Calling all queer theatre lovers! New York City recently opened the Museum of Broadway and it has loads of LGBTQ+ exhibits and installations.
Located in the heart of the famous Times Square, the Museum of Broadway is the first permanent museum dedicated to sharing the history of Broadway. It incorporates visual story-telling experiences that allows museum goers to explore the original set designs in an immersive experience that includes music, art, and a breadth of historical information.
The 26,000-square-foot space was developed by co-founders Julie Boardman and Diane Nicoletti who described the self-guided experience as “Instagrammable and immersive”. Guests are encouraged to take photos and videos as they explore the four floors of exhibits which incorporate projections, original costumes, and soundtracks in every room.
The museum uses art and technology to tell the story of Broadway’s history. The team recruited artists, designers, and historians to tell stories that are fun and educational and include pieces from not-for-profit organisations like Broadway Cares and The Al Hirschfeld Foundation.
The theatre community is full of legendary LGBTQ+ artists, moments and music and the Museum of Broadway honours several of these including ‘I Am What I Am’ – a queer tribute to love and family created by Jerry Herman and Harvey Fierstein. Furthermore, You do not live in America. No such place exists. is an exhibit recognising Tony Kushner’s Angels in America: A Gay Fantasia on National Themes. It reveals the painful impact of the AIDS epidemic featuring real-life historical figures.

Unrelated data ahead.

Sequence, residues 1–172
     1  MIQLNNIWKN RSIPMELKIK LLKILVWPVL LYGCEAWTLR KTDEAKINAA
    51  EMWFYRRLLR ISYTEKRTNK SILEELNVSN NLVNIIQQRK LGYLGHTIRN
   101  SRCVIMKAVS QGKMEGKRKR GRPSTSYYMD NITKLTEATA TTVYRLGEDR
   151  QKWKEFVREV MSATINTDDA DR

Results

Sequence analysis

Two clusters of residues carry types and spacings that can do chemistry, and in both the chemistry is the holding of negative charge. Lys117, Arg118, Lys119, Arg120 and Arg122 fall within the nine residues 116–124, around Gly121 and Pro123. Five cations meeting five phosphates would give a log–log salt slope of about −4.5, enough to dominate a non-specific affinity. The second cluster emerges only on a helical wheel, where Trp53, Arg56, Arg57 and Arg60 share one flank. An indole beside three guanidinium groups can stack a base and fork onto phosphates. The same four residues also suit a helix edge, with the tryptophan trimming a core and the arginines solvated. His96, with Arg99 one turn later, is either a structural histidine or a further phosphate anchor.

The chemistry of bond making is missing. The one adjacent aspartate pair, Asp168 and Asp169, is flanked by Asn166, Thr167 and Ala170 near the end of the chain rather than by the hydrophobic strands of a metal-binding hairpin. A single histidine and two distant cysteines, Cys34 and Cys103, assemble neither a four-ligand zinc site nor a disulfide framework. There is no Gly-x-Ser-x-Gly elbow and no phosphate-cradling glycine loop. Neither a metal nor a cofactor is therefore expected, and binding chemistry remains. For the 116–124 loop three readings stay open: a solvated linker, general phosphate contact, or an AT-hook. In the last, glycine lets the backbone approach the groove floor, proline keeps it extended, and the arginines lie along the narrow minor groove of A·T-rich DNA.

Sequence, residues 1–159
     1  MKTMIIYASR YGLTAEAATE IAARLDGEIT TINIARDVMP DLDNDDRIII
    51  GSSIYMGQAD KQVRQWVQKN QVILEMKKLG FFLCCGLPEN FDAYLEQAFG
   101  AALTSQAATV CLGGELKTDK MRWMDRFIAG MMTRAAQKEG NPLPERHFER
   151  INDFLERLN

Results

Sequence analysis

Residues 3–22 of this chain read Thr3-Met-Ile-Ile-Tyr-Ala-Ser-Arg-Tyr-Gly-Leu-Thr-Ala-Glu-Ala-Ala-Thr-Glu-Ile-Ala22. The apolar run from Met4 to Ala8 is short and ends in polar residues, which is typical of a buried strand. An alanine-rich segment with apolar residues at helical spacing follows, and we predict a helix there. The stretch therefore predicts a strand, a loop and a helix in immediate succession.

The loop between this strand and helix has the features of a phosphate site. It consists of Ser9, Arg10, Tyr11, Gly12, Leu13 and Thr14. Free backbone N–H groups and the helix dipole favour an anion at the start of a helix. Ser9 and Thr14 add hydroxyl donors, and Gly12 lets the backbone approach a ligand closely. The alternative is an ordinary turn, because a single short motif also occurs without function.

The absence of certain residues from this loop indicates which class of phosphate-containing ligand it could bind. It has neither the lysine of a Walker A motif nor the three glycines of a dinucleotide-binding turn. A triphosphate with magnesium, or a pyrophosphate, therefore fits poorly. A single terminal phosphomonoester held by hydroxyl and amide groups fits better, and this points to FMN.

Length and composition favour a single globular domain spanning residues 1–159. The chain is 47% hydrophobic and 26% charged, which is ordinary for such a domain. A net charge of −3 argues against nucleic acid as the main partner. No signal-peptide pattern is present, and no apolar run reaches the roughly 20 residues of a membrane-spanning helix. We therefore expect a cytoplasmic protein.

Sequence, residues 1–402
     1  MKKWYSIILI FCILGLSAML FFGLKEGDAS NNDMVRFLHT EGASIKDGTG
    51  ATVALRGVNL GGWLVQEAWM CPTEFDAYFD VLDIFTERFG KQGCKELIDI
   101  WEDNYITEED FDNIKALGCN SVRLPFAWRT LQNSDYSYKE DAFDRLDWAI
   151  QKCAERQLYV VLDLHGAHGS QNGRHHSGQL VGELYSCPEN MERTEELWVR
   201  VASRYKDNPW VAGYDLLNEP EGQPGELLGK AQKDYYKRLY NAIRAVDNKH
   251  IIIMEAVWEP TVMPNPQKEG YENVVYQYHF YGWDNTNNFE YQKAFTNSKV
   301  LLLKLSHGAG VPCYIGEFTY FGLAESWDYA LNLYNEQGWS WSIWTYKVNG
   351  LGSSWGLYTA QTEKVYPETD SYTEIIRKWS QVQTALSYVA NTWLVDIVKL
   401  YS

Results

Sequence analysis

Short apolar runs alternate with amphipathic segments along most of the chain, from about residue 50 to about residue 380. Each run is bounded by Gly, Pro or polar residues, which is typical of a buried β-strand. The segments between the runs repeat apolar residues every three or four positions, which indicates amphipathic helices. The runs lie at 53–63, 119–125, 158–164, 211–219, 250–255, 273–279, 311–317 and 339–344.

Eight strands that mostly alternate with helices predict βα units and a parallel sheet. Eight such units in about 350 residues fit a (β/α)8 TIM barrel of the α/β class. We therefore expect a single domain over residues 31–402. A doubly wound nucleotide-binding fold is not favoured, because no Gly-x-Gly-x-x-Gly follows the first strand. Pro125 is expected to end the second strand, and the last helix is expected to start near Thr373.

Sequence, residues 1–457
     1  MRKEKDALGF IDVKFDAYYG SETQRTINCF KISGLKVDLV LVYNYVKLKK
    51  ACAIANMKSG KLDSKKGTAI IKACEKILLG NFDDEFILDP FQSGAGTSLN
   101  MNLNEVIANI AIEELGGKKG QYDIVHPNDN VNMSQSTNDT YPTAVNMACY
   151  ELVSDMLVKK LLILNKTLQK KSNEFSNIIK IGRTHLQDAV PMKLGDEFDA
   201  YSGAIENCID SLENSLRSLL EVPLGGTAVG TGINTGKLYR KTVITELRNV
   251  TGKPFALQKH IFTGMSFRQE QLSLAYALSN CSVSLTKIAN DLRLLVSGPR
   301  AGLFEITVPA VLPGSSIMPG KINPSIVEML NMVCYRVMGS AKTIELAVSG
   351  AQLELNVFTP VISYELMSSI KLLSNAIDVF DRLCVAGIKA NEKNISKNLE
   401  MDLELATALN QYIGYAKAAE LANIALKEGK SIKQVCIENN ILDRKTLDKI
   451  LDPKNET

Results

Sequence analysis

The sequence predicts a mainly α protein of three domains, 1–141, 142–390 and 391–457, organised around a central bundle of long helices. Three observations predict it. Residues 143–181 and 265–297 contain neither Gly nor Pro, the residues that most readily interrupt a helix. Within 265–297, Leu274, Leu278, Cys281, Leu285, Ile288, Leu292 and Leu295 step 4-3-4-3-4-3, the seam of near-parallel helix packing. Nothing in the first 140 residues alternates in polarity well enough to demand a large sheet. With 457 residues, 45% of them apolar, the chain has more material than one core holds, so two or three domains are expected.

The museum also recognises all the behind-the-scenes jobs that go into creating a Broadway show. The Making of a Broadway Show exhibit takes visitors on a behind-the-scenes journey so they can see everything that goes into creating a big-budget production, and show-specific exhibits include everything from classics like Oklahoma! and West Side Story to contemporary plays with a cult following like Wicked and Hamilton.
The museum is being praised for honouring plays that are known for pushing creative boundaries, challenging social norms, and paving the way for future entertainment. In talking about the museum, L. Morgan Lee, the first openly transgender actor to be nominated for a Tony Award said: “There are so many voices who are missing in these spaces, who we know are live and vibrant and happening, but haven’t had an opportunity to be seen on Broadway…There’s a lot of stories that’d be fantastic to be on the walls here that haven’t had that privilege to have a producer behind it. I’m really excited to see what the walls of this building will look like in five years.”
Tickets to the must-see museum start at $39 and a portion of each sale will be donated to Broadway Cares/Equity Fights AIDS.
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